Weekly inspirations: April 7, 2014

Here are the things that I think are worth reading and checking out this week:   Portable Robot Printer Is Like A Roomba That Squirts Ink I find myself backing an almost alarming number of things on Kickstarter these days.  the latest was designed by Zuta Labs and is called the Mini Mobile Robotic Printer which cleverly sheds the bulk of consumer printing by re-imagining what a printer actually is. Their new version is small, portable and everything that people need in the modern, mobile age. Read the article here. Why You Should Get Excited About Emotional Branding Globalization, low-cost technologies and saturated markets are making products and services interchangeable and barely distinguishable. As a result, today’s brands must go beyond face value and tap into consumers’ deepest subconscious emotions to win the marketplace. This article does a nice job of explaining why...

Making Grocery Shopping Easier with Amazon Dash

The technology to build a refrigerator that scans items so it knows to order more has been available for a long time but like with most old-school industries major appliance manufacturers are really slow at adopting new technology. So Amazon has now created the Amazon Dash which is a free device that lets you scan or say the names of food items you need and it automatically builds an Amazon Fresh shopping list. It is an obvious play to make ordering much simpler by breaking down the interactions with Amazon Fresh into smaller micro interactions which will be much less laborious and more thorough for the user than having sit sit down once a week to make a grocery list. Right now the Dash is only available in Southern California, San Francisco and...

Weekly inspirations: March 31, 2014

Here are the things that I think are worth reading and checking out this week:   From Google, A Giant Psychedelic Sculpture Visitors Control With Chrome Unnumbered Sparks is the brainchild of Aaron Koblin, creative director of Google Creative Lab, and artist Janet Echelman, who describes her pieces simply: soft shapes that are the size of buildings. The project is a huge Google Chrome browser window that projected onto the sculpture which is suspended from two buildings. Spectators connect to the local Wi-Fi through smartphones, and can hook up directly to Chrome. A gesture-based app lets people draw and paint with light. Read the article here and see it in action here. How Google Fumbled Glass — and How to Save It Google announced Google Glass two years ago and rolled it out to developers and their Explorer program about a year ago. Over that time Glass has gone from a whole new...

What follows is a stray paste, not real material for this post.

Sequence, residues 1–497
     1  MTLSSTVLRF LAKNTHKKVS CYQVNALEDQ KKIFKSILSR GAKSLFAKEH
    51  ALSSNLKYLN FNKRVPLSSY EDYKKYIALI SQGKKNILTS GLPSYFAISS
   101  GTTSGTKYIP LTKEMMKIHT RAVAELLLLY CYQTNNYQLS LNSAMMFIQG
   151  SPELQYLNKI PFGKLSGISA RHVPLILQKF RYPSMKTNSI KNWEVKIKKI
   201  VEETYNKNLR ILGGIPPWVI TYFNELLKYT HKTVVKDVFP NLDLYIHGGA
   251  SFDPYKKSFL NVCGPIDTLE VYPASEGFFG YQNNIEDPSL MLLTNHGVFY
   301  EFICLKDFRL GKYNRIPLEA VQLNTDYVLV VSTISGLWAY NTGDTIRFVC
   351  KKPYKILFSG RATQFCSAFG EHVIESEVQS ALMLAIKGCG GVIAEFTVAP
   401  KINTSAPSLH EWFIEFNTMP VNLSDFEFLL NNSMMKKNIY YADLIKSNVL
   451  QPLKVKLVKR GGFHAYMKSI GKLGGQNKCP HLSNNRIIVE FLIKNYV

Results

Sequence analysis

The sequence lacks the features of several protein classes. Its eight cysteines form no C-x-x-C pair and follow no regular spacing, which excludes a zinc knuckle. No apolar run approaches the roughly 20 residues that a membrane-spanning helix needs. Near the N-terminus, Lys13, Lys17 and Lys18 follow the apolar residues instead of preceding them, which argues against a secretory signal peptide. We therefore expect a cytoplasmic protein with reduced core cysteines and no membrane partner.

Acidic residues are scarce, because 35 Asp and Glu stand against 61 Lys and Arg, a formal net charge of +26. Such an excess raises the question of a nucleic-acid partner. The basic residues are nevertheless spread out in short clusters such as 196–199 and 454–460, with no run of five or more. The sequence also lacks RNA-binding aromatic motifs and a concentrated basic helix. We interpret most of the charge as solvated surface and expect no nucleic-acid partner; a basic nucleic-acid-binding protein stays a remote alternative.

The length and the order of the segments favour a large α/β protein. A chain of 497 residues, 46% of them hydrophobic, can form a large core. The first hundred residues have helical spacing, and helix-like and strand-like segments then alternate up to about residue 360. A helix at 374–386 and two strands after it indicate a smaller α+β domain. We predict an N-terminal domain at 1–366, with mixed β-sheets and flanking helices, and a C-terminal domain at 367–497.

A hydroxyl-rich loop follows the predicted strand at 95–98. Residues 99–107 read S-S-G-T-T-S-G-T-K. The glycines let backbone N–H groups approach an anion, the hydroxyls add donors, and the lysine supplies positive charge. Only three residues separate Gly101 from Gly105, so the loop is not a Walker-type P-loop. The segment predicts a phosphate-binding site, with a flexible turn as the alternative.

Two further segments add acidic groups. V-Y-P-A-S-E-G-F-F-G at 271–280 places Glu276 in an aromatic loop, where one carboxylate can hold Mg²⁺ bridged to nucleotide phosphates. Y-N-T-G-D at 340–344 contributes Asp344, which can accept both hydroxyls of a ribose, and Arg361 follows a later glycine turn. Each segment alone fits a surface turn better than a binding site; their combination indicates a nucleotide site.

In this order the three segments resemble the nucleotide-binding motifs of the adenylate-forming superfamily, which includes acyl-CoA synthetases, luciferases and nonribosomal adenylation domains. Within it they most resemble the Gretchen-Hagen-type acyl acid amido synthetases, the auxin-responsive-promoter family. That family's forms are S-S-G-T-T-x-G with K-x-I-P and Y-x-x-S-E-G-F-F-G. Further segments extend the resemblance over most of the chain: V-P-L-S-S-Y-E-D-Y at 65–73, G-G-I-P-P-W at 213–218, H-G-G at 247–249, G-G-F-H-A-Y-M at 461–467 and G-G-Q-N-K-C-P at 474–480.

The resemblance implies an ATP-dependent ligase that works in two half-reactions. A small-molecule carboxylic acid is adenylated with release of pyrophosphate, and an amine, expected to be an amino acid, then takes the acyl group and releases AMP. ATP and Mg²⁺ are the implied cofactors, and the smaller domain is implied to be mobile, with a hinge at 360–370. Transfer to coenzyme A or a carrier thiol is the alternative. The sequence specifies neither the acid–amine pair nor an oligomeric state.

Virgin America partners with Nest to create Total Temperature Control

April Fool’s has turned into a real competition for tech and media companies to see who can come up with the best April’s Fool press gag and this year was no exception. There were a lot of funny and quirky attempt but my favorite came from Google and Virgin America. The video they released features Virgin Group Founder Richard Branson and CEO of Nest Tony Fadell announcing that they’ve teamed up to create the Total Temperature Control (TTC). This new system will put a Nest thermostat into Virgin America’s Red in-flight personal touch-screen entertainment system. Having the two founders makes the beginning of the video seem completely real and possible but it is only when you see the full-sized thermostat stuck on the back of an airline seat do you get the joke. These are two brands I really love for a lot of reasons and this video shows why....

Weekly inspirations: March 24, 2014

Here are the things that I think are worth reading and checking out this week:   State of the Creative Industry: Its Democratization Benefits Us All My respect of Behance founder Scott Belsky is deep and well documented and I really like his latest article that look at why all companies should be concerned with the risks and opportunities that now face the creative industry. Read the article here. 5 Brilliant Strategies Jeff Bezos Used To Build The Amazon Empire Amazon has grown at breakneck speed over the past decade and brought in nearly $75 billion last year, thanks to the unconventional, and sometimes ruthless style of its chief executive. This article lays out five strategies that their founder Jeff Bezos used to build the Amazon empire. Read the article here. Check out this weeks inspiration from Stephen Gates Blog.Click To TweetPowered By CoSchedule Building a compelling...